On today’s daf the Gemara turns its attention to blessings made before smelling perfume:
R Zutra bar Toviya said that Rav said: From where is it derived that one recites a blessing over scent? As it is stated: “Let every soul praise the Lord” (Tehillim 150:6). He explains the verse: What is it from which the soul derives benefit and the body does not derive benefit from it? You must say: That is scent. Even over items from which only the soul derives benefit, one must recite a blessing and praise God.
It would appear that scent should be included in the general concept that one is forbidden to derive benefit from this world without reciting a blessing. Therefore, the question is, why was it necessary to cite a special derivation in this case?
Rashi in tractate Nidda explains that since the benefit derived from smell is less substantial than other physical pleasures, no blessing should be necessary.
Others explain that since deriving benefit from this world without reciting a blessing is likened to misusing consecrated property; with regard to those laws, smell is considered inconsequential. Therefore, no blessing is necessary (Tziyyun LeNefesh Hayya).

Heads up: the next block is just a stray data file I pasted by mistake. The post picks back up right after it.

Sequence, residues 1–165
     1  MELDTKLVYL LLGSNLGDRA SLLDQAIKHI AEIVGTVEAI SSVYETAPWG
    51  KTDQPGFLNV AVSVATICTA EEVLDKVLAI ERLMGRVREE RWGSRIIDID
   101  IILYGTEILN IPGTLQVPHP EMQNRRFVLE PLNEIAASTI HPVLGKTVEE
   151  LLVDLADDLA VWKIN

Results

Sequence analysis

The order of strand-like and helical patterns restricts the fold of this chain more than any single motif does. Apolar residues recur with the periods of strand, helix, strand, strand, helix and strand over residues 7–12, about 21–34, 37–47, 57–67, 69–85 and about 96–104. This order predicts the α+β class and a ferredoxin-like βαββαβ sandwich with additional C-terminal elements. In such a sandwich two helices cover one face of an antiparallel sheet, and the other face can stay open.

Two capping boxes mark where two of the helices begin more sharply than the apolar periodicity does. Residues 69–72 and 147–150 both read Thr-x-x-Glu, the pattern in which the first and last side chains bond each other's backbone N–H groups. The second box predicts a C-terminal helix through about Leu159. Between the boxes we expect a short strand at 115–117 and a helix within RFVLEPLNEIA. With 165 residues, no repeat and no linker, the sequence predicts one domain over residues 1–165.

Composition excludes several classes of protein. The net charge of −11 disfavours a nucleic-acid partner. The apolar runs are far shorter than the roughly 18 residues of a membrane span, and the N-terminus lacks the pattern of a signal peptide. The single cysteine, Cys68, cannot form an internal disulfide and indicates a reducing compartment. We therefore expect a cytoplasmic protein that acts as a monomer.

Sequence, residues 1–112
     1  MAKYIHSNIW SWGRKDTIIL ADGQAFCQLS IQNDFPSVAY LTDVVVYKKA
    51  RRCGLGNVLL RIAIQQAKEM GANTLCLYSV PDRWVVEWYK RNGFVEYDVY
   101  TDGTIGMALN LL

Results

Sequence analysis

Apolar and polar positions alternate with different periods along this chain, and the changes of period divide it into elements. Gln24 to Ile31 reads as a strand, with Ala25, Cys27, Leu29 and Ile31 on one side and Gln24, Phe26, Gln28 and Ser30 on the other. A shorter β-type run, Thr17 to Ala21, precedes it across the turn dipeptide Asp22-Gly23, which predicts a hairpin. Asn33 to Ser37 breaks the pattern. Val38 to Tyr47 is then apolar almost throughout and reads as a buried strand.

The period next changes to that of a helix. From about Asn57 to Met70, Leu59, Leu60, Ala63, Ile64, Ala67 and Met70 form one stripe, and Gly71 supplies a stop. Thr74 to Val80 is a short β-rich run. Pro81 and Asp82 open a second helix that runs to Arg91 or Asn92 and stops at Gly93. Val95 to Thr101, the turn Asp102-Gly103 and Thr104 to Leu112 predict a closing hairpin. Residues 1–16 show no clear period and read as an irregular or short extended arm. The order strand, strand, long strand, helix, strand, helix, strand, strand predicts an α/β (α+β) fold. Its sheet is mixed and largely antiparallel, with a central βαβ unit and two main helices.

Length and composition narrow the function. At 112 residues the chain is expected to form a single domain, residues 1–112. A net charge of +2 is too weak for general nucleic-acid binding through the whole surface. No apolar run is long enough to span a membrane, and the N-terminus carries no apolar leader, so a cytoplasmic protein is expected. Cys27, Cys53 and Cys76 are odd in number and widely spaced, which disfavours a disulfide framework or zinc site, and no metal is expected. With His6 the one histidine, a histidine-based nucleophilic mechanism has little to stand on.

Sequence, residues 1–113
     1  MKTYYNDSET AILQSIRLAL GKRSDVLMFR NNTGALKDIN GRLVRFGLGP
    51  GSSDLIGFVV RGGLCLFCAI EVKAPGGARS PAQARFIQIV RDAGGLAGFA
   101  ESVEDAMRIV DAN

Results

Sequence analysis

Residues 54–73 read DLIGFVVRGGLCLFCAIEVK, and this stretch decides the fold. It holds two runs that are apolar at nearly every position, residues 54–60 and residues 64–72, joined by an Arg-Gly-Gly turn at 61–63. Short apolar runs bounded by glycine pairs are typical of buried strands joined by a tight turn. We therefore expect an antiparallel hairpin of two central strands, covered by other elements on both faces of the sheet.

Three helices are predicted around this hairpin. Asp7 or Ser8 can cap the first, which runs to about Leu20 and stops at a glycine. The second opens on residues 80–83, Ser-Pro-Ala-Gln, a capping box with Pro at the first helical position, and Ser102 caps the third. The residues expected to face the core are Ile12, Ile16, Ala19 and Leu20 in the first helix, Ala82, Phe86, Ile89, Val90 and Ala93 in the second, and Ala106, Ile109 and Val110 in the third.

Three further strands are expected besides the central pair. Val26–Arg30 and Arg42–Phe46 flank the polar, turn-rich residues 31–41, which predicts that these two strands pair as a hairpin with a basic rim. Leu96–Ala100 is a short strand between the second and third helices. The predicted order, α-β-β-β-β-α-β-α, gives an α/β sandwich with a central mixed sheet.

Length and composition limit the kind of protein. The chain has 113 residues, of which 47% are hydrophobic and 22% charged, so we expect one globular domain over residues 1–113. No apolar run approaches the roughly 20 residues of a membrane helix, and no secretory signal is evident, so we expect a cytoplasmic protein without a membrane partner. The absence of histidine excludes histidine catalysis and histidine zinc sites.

Others contend that since enjoying a fragrance does not fundamentally compromise the integrity of the object, it is not self-evident that a blessing is required (Rabbi Elazar Moshe Horowitz).
Two of the scents discussed by the Gemara are balsam and musk.
The balsam is likely the Commiphora opobalsamum, also known as Commiphora gileadensis, from the Burseraceae family, known in English as Balm of Gilead or Balsam of Mecca. This is not to be confused with the Balm of Gilead found in other parts of the world that is made from the resin of a different tree, the balsam poplar. The balsam is a short bush or tree of 3–5 meters with thin branches, many small leaves, and small white flowers. The highest quality perfume is derived from the resin that drips slowly from the edges of the stalks in small droplets, though the perfume is generally extracted by boiling the branches. This perfume is also used medicinally, as well as in incense and as a fragrant oil. Apparently, this is the tzori mentioned among the incense oils used in the Temple.
During the Second Temple period, the choicest balsam trees grew in the Jericho valley, and it was considered worth its weight in gold. That is why it merited its own special blessing: Who creates oil of our land.
Musk has a powerful odor. Some used it as a perfume by itself, although it is more commonly the dominant component of several fragrances used in manufacturing perfumes. Musk is extracted from the excretions of various animals, although historically, it was primarily collected from a pocket in which the glandular secretions of the male musk deer accumulate. The musk deer is the Moschus moschiferus, a hornless, deer-like animal that grows to a height of 60cm. Some associate musk with the biblical myrrh.